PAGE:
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Art and Heresy

Natalia J. Garland

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We should not be surprised that artists continue to produce works which many Christians find offensive and perhaps heretical. The most recent work of art to provoke public outrage is entitled My Sweet Lord, by artist Cosimo Cavallaro. It is a six-foot high sculpture of Jesus, made from over 200 pounds of milk chocolate. Jesus is suspended in the air, positioned as though on an imaginary cross, in total nudity. No cross. No nails. No Golgotha. But, yes, the genitals are exposed, and Jesus also has a ponytail.

The chocolate Jesus was supposed to have been exhibited during Holy Week, from Monday evening after Palm Sunday through Easter Sunday. It was to be shown at the Lab Gallery, located in the Roger Smith Hotel in Manhattan, New York. Local Catholics, including Cardinal Edward Egan (St. Patrick's Cathedral), expressed outrage over the gallery's insensitivity to Christian beliefs and the Holy Week cycle of worship. Some Christian leaders recommended a boycott of the hotel. It is also reported that death threats were directed at the artist. For safety reasons, the hotel cancelled the exhibit. The gallery artistic director then quit in response to the show's cancellation.

What was the purpose of creating a chocolate Jesus? The artist states that his works express "the struggle between need and desire; the known and unknown; the warm security of the womb and the chill uncertainty of the world." Is Cavallaro saying that society desires a Jesus that appears annually like the chocolate Easter bunnies in the supermarket, and then disappears? That would be a plausible interpretation if only he had wrapped the chocolate Jesus in cellophane and tied a pretty bow around it.

Is Cavallaro saying that we really do not know everything Jesus did? Does nudity make Jesus more knowable, or somehow more revealed? It is true that we do not know everything about the life of Jesus, especially His pre-ministry years. Yet, the Bible contains the Word of God which many Christians regard as adequate for understanding the teachings of Jesus. We know about His birth, ministry, crucifixion, and resurrection. This information overpowers that which is unknown, and eliminates any need to know more on this earth.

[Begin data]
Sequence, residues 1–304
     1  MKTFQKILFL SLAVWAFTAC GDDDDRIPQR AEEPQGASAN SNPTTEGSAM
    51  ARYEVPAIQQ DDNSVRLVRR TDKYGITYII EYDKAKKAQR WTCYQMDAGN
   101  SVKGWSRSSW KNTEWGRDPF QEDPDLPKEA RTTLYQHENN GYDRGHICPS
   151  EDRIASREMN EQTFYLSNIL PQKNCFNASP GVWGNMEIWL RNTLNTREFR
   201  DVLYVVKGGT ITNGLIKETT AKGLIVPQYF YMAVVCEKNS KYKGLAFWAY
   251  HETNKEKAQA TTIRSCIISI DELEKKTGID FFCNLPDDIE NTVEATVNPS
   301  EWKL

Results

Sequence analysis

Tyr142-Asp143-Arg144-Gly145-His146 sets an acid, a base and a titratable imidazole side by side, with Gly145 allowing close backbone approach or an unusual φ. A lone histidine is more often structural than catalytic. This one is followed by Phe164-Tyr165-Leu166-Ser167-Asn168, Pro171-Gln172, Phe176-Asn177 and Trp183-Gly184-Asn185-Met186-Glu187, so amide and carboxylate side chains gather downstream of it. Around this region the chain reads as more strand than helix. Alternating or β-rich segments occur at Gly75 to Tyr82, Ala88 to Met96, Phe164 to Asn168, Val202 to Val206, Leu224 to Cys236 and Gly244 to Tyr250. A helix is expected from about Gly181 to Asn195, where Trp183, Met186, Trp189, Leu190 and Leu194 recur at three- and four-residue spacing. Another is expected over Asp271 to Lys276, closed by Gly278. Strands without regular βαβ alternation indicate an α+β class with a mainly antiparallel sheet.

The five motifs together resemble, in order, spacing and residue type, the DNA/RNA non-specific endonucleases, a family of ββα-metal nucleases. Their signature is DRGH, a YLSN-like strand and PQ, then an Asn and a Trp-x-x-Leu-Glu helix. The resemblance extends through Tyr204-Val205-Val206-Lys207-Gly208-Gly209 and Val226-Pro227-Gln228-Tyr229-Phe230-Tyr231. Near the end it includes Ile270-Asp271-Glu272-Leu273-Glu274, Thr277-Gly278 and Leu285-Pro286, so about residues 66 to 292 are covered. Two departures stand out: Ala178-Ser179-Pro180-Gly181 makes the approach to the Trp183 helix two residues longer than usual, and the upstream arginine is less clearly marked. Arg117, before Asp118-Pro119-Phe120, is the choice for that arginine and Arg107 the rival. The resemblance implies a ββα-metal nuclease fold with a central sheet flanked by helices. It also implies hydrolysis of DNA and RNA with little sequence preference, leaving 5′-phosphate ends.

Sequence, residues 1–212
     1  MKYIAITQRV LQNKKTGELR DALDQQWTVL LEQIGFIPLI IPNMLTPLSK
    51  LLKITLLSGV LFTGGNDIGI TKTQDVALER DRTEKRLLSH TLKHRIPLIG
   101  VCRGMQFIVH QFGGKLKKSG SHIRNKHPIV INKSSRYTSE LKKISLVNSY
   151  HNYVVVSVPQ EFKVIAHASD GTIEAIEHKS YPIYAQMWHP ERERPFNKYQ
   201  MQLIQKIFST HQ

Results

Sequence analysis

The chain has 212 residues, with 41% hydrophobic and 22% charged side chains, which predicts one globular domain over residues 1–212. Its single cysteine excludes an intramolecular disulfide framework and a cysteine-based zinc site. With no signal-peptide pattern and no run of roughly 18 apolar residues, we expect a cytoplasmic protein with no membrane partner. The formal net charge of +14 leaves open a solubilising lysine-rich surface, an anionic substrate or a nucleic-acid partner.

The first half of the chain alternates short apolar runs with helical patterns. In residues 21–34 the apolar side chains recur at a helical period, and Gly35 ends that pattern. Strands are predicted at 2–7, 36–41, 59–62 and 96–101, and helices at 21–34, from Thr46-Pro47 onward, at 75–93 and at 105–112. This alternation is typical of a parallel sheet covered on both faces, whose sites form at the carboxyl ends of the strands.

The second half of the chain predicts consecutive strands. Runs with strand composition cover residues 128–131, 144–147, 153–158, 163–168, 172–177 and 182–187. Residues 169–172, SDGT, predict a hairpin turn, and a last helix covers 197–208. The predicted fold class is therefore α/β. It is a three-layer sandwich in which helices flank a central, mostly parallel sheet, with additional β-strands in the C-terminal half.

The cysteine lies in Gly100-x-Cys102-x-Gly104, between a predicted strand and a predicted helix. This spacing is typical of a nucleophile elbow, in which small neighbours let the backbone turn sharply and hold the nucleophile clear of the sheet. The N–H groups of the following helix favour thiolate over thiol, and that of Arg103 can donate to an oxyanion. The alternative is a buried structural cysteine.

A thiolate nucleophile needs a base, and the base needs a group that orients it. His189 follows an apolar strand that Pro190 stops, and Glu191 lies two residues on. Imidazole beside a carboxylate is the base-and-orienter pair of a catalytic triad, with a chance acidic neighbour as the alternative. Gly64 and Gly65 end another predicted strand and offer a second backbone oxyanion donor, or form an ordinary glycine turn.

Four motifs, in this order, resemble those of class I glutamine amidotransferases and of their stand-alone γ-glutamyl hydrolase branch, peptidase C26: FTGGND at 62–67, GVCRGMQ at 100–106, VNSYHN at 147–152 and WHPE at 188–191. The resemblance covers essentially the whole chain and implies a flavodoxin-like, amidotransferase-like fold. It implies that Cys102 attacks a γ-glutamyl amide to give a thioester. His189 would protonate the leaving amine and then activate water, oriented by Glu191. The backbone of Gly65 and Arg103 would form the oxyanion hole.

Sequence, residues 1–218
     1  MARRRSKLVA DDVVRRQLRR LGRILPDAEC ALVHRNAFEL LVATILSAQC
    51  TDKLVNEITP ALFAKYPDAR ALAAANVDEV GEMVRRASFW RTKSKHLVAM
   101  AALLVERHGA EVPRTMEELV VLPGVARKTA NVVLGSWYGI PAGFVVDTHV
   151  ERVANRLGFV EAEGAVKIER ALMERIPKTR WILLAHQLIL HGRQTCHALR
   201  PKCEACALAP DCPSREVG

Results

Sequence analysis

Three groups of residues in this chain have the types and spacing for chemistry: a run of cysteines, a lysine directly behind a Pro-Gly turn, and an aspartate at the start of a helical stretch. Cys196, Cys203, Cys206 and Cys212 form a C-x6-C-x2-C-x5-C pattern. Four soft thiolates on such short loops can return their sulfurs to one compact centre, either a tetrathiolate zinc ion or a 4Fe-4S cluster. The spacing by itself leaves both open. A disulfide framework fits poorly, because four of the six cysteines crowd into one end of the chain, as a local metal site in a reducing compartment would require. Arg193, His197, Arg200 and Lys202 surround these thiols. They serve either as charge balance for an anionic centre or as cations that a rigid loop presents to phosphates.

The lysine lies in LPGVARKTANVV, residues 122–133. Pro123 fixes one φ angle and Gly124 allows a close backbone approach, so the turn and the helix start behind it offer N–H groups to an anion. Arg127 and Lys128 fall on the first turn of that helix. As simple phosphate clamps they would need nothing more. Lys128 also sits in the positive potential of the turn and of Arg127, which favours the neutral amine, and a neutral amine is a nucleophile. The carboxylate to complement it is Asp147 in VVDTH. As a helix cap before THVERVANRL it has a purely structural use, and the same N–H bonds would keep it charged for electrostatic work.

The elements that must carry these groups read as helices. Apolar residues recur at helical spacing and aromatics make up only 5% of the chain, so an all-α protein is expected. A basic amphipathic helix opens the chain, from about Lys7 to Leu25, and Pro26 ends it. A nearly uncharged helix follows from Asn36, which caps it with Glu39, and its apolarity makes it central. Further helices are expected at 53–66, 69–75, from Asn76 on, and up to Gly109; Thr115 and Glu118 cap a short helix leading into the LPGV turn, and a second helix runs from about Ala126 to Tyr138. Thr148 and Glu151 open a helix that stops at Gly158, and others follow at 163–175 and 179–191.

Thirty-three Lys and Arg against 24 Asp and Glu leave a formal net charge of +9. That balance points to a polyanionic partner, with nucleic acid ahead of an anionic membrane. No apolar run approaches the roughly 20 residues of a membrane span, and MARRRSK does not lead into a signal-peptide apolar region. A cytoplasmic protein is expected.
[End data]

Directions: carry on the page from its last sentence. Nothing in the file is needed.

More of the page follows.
How is a chocolate Jesus related to the "warm security of the womb?" That sounds like unhealthy psychological regression. And how about the "chill uncertainty of the world?" That sounds like the role of the devil. Followers of Jesus can acquire and increase qualities of hope and faith, and decrease crippling anxiety and fear.

Perhaps the chocolate Jesus is a display of heresy--dissension against the traditional doctrines of Christianity--disguised as art. The use of chocolate goes against the standard materials used for making a crucifix, such as terracotta, wood, stone, and gold. Chocolate has to be kept refrigerated. It is not durable. Is the artist saying that Jesus is perishable? Or that Holy Communion, the body and blood of Jesus, is nothing greater than a chocolate treat?

A naked and exposed Jesus is not biblical. The suspension of Jesus in the air is not biblical. We can assume that these things never happened because this kind of behavior would be out of character for Jesus. Such ideas reduce Jesus to an X-rated curiosity, a comical figurehead, an adult version of the Easter bunny. The absence of the cross obliterates historical accuracy and spiritual purpose. The suspension in the air gives an aura of magic and obscures the resurrection. The crucifixion and the resurrection are doctrinal foundations of Christianity.

Let's not be naive about or surprised at controversial works of art. Christians have been persecuted since the days of the disciples, and heretics have always tried to taint doctrine to suit personal preferences. Although the chocolate Jesus was to be exhibited in a private gallery (i.e., no taxpayers' money was involved), New Yorkers were still within their legal rights to object to the insensitive timing and to defend their Christian beliefs and practices. If Cavallaro really wants to learn about the "chill uncertainty of the world," perhaps he would consider a chocolate Mohammed for his next sculpture. Islamic extremists might clearly define chill for him. Heaven forbid. (Written 04/04/07: bibliography available.)

[NOTE: For an another essay on a similar topic, see Art, Decency, and Money (written 02/02/04).]

Until we meet again..............stay sane.

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Copyright 2007 Natalia J. Garland